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Exhibits

 

Please join us for a tour of the Berlin »Musikinstrumenten-Museum«!

Highlights
Focal Points of the Collection
Curiosities


Highlights



This modest virtual exhibition would like to present to you some of the most beautiful and distinctive objects of our collection, which encompasses more than 3,300 instruments.

  The Mighty Wurlitzer Theatre Organ
Rolling thunder and bird’s twittering, siren’s wailing and chimes - the sound effects of one of the biggest European theatre and cinema organs is quite impressive.

  Wind Instruments from Naumburg
A unique collection of rare Early Baroque wind instruments from the Stadtkirche St. Wenzel in Naumburg.

  The »Bach-Harpsichord«
An instrument with showcase qualities: Did Johann Sebastian Bach himself play on this harpsichord?

  Transverse Flutes once owned by Friedrich II
Truly royal instruments: Music enthusiast Friedrich II of Prussia adored his transverse flutes.

  The Clavecin brisé
To fold up and to take away - a rarity at the Prussian court.

  The Glass Harmonica
Benjamin Franklin, the famous physicist and politician, not only invented the lightning conductor but also the glass harmonica.

  The »Weber-Fortepiano«
Carl Maria von Weber composed his »Freischütz« on this fortepiano from the Vienna workshop of Joseph Brodmann.

  The Gray-Organ
For organ enthusiasts: an English master instrument from the early 19th century.


Focal Points of the Collection


The museum collects instruments of the European classical music tradition from the 16th to the 20th century. Here we would like to present to you some focal points of this prestigious collection!

  Harpsichords of the Flemish instrument-making family Ruckers
With their vigorous and flexible sound and their rich painting the Ruckers harpsichords from the first half of the 17th century are a special attraction for both the ears and the eyes.

  Quilled Keyboard Instruments and Clavichords
Prior to the invention of the fortepiano, harpsichords and clavichords were the main stringed keyboard instruments from the 16th to the 18th century - even though their sound generation differed fundamentally.

  Baroque Wind Instruments
Oboes instead of shawms - at the end of the 17th century a sound ideal for woodwind instruments was established that remains valid to this day.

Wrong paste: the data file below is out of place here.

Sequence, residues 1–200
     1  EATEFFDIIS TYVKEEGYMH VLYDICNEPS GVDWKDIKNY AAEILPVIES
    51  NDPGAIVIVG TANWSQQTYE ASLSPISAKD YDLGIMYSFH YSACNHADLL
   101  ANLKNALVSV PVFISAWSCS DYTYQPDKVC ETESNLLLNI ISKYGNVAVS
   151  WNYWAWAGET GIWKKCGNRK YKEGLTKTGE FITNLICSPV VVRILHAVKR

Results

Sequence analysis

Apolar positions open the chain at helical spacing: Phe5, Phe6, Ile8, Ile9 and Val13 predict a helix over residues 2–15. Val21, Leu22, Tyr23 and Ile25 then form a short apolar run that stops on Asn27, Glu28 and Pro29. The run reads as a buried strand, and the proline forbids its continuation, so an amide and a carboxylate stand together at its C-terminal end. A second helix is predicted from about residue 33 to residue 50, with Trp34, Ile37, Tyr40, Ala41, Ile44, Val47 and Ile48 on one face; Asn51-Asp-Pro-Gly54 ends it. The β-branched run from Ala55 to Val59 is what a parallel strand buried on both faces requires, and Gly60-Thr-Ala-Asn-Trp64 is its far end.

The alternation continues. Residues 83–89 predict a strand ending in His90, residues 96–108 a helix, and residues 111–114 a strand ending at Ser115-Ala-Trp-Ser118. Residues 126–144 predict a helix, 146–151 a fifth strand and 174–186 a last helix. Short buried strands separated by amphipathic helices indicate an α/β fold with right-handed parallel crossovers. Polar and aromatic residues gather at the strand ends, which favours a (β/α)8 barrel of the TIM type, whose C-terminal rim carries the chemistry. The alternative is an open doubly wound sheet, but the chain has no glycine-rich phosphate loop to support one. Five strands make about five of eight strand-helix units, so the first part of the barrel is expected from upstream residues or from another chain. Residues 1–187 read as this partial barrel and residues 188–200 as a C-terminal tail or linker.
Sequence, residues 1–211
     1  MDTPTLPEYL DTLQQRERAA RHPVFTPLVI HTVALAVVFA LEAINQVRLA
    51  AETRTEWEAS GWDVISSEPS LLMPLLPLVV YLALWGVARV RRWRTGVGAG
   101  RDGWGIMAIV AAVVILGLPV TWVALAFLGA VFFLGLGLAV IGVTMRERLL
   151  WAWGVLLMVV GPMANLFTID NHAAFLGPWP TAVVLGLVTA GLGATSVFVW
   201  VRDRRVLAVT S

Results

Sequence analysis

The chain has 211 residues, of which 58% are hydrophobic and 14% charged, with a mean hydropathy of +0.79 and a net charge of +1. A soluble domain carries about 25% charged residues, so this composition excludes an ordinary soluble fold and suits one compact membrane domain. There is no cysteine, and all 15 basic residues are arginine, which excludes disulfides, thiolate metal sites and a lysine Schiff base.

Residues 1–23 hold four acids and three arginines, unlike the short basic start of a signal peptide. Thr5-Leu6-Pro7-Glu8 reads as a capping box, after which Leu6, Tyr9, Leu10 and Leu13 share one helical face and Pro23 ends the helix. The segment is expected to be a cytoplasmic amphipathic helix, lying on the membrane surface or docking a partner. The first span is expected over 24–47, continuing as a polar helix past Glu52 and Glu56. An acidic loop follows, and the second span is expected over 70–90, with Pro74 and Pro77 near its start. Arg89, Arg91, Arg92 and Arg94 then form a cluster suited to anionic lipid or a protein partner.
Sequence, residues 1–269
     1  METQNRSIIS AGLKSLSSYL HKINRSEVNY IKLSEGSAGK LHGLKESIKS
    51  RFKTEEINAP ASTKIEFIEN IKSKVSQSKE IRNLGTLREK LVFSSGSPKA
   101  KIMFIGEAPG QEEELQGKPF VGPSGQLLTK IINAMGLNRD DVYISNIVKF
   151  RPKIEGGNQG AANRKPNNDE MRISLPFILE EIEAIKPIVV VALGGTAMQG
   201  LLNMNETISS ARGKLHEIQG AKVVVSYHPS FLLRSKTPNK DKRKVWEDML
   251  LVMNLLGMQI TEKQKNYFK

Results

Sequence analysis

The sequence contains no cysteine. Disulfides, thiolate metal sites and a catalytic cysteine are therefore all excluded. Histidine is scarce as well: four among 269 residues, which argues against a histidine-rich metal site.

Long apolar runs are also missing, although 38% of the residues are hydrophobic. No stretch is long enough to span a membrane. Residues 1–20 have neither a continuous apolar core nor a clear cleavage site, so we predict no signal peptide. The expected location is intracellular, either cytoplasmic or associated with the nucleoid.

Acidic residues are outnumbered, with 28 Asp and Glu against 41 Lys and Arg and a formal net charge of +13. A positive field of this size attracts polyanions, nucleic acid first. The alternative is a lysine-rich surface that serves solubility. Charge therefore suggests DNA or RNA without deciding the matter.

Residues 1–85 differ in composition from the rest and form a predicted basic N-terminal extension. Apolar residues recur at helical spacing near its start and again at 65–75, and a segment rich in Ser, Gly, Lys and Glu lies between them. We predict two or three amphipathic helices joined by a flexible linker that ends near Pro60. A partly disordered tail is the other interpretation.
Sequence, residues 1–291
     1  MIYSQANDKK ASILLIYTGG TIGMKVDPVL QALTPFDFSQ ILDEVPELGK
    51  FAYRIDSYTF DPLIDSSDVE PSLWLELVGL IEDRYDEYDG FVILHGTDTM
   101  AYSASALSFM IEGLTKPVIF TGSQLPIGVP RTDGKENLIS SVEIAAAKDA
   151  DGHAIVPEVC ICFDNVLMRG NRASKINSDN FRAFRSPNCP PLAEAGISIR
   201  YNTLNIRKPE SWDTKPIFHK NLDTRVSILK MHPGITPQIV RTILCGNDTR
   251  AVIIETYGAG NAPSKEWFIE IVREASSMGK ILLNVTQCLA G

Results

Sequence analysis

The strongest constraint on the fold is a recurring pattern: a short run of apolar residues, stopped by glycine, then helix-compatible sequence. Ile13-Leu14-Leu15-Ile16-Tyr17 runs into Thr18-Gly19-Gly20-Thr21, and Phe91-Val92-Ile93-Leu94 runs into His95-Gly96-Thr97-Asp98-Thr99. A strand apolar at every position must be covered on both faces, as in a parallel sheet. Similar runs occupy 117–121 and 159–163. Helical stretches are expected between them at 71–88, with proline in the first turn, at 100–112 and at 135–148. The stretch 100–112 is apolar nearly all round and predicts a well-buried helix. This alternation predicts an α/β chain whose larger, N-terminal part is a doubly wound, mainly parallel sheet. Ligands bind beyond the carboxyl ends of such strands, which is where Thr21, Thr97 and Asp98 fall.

Italian Master Violins
The most resounding names of violin making come from Cremona: Amati, Guarneri and, last but not least, Antonio Stradivari.

  Master Violins from Workshops in the Northern Alps
Stradivari's violins haven't always been considered the ne plus ultra: Until around 1800 some violins from the Northern Alps were even more popular.

  Instruments of the Viennese Classical Period
In Haydn's and Mozart's times instruments like the fortepiano or the clarinet had their final breakthrough, thereby influencing the music of Viennese Classicism.

  Instrument Making in Berlin
Bechstein's pianos and grand pianos, Möckel's violins, Moritz’ brass instruments - instrument making in Berlin has a rich and multifaceted tradition.

  The Revival of Harpsichord Making
While the crowds were admiring the Eiffel Tower at the world's fair in 1889, musical experts were amazed at the three newly constructed harpsichords from Parisian workshops.

  From Musical Box to Orchestrion
Their information memory are pins and holes which makes mechanical musical instruments a true forerunner of the digital age.

  Electronic instruments
Instruments like the Hammond organ or the trautonium are immediately associated with film music and jazz. Electronic instruments dominate popular music and are inherent parts of our life.

Curiosities


The history of instrument making is full of rarities and oddities. Please visit our virtual cabinet of curiosities!

  Wurstfagott (sausage bassoon) and Büchsentrompete (box trumpet)
Where to put the often extensive tubes of wind instruments? Simply to put them in a box was a common solution throughout the 17th century!

  Nähtischklavier (sewing table pianos) and Walking Stick Instruments
The walking stick becomes a violin and the sewing table transforms into a piano – instruments symbolise the lifestyle of the Biedermeier period.

  The Aeolian Harp
»My song, to faint Aeolian murmurs turning, Sways like a harp-string by the breezes fanned.«
While Goethe wrote these lines, he did not have an imaginary sound in his ear, but a real instrument.

  The Arpeggione
An experiment in instrument making probably long forgotten, had Franz Schubert not composed a sonata for arpeggione.